Honeybees do double duty. They are programmed to gather pollen and carry it back to the hive as food for the colony. However, even more important as far as humans are concerned, they are also responsible for the pollination of more than 80 percent of green growing things. As bees buzz from blossom to blossom, microscopic pollen particles coat their stubby little bodies so densely that they sometimes look like little yellow fuzz balls. When they arrive at the next flower, a portion of the live golden dust is transferred to that blossom and pollination is accomplished. 

Bee pollen contains all the essential components of life. The percentage of rejuvenating elements in bee pollen remarkably exceeds those present in brewer’s yeast and wheat germ. Bee pollen corrects the deficient or unbalanced nutrition, common in the customs of our present-day civilization of consuming incomplete foods, often with added chemical ingredients, which expose us to physiological problems as various as they are numerous. 

Nutrient deficiencies and all the health problems they cause are recognized worldwide as a growing problem. Because bee pollen contains all the nutrients needed to sustain life, it is being used on an ever-larger scale for human nourishment and health. Science teaches that bee pollen contains many substances that combine to make it a healthy, nutritious, complete food.

Benefits of bee pollen

For men the bee pollen benefits for health are even greater. Researchers have recently found that bee pollen is very effective in helping prevent prostate problems. This is one of the best bee pollen benefits for men.

In addition, over 50% of men who were given bee pollen in a study of bee pollen benefits experienced a dramatic improvement in sperm count and were able to perform better sexually… after just one month of taking bee pollen.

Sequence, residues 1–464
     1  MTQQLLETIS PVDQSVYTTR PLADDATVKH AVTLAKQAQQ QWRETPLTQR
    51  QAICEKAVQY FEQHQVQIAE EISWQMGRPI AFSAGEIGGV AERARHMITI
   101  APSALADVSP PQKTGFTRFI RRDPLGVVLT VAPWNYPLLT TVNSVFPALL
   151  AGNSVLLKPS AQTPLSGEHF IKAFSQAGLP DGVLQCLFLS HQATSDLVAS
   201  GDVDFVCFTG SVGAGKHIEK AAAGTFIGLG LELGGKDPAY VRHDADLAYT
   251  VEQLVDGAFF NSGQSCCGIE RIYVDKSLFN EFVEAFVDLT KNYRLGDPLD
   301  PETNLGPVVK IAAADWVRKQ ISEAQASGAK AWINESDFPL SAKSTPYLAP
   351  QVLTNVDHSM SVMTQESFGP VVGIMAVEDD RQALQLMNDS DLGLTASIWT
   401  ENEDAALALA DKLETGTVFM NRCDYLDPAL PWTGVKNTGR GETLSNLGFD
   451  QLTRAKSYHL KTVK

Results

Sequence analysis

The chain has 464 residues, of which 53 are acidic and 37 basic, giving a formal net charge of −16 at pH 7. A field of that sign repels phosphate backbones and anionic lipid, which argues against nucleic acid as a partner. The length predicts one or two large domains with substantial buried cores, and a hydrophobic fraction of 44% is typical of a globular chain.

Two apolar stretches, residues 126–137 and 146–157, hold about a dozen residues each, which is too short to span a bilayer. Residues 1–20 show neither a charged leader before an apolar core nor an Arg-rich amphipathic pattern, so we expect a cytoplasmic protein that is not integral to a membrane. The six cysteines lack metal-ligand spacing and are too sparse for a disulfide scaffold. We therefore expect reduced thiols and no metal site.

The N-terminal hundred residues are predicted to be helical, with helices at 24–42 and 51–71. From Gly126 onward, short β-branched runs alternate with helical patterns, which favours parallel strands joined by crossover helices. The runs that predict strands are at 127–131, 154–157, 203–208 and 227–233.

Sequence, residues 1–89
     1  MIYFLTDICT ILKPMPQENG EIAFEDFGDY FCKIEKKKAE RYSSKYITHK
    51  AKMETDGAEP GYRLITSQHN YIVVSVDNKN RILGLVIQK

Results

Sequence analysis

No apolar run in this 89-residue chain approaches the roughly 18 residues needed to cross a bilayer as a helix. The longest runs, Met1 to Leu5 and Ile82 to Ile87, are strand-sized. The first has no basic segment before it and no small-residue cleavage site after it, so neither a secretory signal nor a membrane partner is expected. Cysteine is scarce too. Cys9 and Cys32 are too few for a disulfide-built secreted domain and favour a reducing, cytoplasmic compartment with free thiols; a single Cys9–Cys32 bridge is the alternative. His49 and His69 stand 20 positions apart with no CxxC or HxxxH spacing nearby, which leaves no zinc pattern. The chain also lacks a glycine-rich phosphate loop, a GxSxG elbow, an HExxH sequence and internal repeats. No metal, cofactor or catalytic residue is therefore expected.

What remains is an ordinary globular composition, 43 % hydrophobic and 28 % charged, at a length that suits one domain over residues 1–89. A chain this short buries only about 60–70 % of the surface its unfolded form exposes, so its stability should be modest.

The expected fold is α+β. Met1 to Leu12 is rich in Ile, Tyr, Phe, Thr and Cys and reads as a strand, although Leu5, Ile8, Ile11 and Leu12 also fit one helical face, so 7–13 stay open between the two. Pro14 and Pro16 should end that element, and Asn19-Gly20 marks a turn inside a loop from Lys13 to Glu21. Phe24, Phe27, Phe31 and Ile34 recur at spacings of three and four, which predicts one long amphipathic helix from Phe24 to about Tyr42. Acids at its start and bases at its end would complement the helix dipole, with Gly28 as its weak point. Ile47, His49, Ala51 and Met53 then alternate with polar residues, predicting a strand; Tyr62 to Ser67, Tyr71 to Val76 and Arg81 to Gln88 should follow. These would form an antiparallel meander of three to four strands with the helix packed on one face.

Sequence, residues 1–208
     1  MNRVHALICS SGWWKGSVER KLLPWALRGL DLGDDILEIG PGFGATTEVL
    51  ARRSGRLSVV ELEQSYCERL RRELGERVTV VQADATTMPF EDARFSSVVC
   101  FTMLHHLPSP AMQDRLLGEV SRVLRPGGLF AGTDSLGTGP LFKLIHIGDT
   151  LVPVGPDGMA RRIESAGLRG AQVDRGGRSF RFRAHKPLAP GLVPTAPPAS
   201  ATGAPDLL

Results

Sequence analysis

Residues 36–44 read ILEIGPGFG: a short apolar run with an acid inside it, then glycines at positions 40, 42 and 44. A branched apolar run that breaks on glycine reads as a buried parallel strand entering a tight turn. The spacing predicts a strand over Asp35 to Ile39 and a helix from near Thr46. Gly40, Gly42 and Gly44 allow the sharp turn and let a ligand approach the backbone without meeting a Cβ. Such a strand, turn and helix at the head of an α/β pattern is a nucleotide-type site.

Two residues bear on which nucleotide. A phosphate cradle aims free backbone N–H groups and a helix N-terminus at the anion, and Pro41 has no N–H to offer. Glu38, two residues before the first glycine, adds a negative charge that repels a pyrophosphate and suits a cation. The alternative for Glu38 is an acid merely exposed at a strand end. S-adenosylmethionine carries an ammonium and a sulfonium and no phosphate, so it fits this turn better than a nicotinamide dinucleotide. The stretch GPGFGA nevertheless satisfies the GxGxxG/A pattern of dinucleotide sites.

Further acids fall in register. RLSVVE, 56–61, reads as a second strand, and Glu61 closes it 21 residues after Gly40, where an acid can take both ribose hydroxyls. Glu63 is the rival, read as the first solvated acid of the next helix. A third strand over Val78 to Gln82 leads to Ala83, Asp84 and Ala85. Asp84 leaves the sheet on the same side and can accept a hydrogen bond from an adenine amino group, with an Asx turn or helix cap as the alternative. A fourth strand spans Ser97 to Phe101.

It is reported that bee pollen in the diet acts to normalize cholesterol and triglyceride levels in the blood: Upon the regular ingestion of bee pollen, a reduction of cholesterol and triglycerides was observed. High-density lipoproteins (HDL) increased, while low-density lipoproteins (LDL) decreased. A normalization of blood serum cholesterol levels is also seen. 

Bee pollen benefits extend into almost every area of health that you can think of. Some really amazing medical results have been achieved. Bee Pollen helps to improve your immune system and detoxifies your body and much more.

There have also been some studies that show it may help in alleviating allergies.

Bee pollen benefits also extend to the area of weight loss. Bee pollen has shown to have an ability to help in fat loss by rectifying a chemical imbalance that many people with weight problems tend to have.

Athletes often use bee pollen for endurance, strength, stamina, and mental clarity.

Pollen is considered an energy and nutritive tonic in Chinese medicine. Cultures throughout the world use it in a surprising number of applications: for improving endurance and vitality, extending longevity, aiding recovery from chronic illness, adding weight during convalescence, reducing cravings and addictions, regulating the intestines, building new blood, preventing infectious diseases such as the cold and flue (it has antibiotic type properties), and helping overcome retardation and other developmental problems in children. It is thought to protect against radiation and to have anti-cancer qualities.